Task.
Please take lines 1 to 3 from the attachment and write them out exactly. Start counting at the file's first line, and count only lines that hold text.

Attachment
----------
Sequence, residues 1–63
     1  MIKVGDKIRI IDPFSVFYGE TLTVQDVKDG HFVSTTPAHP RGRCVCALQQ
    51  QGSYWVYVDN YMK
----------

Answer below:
Sequence, residues 1–63
     1  MIKVGDKIRI IDPFSVFYGE TLTVQDVKDG HFVSTTPAHP RGRCVCALQQ
    51  QGSYWVYVDN YMK